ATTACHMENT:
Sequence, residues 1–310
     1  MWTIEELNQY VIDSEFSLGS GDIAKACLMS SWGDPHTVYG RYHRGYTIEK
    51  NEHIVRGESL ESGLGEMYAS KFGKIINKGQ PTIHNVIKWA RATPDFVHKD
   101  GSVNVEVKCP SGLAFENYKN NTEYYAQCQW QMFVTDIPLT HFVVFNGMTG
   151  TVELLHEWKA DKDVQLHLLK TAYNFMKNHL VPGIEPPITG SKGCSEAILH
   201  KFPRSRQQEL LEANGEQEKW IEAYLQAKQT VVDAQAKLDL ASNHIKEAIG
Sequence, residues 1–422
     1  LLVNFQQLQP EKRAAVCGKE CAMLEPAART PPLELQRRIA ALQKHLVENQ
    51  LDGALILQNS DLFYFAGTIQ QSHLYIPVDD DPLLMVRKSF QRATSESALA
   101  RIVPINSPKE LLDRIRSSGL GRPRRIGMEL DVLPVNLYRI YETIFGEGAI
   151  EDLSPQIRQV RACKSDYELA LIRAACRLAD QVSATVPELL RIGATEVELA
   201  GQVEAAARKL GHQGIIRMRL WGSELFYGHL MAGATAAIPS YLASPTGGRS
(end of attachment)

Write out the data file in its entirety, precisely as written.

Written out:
Sequence, residues 1–310
     1  MWTIEELNQY VIDSEFSLGS GDIAKACLMS SWGDPHTVYG RYHRGYTIEK
    51  NEHIVRGESL ESGLGEMYAS KFGKIINKGQ PTIHNVIKWA RATPDFVHKD
   101  GSVNVEVKCP SGLAFENYKN NTEYYAQCQW QMFVTDIPLT HFVVFNGMTG
   151  TVELLHEWKA DKDVQLHLLK TAYNFMKNHL VPGIEPPITG SKGCSEAILH
   201  KFPRSRQQEL LEANGEQEKW IEAYLQAKQT VVDAQAKLDL ASNHIKEAIG
Sequence, residues 1–422
     1  LLVNFQQLQP EKRAAVCGKE CAMLEPAART PPLELQRRIA ALQKHLVENQ
    51  LDGALILQNS DLFYFAGTIQ QSHLYIPVDD DPLLMVRKSF QRATSESALA
   101  RIVPINSPKE LLDRIRSSGL GRPRRIGMEL DVLPVNLYRI YETIFGEGAI
   151  EDLSPQIRQV RACKSDYELA LIRAACRLAD QVSATVPELL RIGATEVELA
   201  GQVEAAARKL GHQGIIRMRL WGSELFYGHL MAGATAAIPS YLASPTGGRS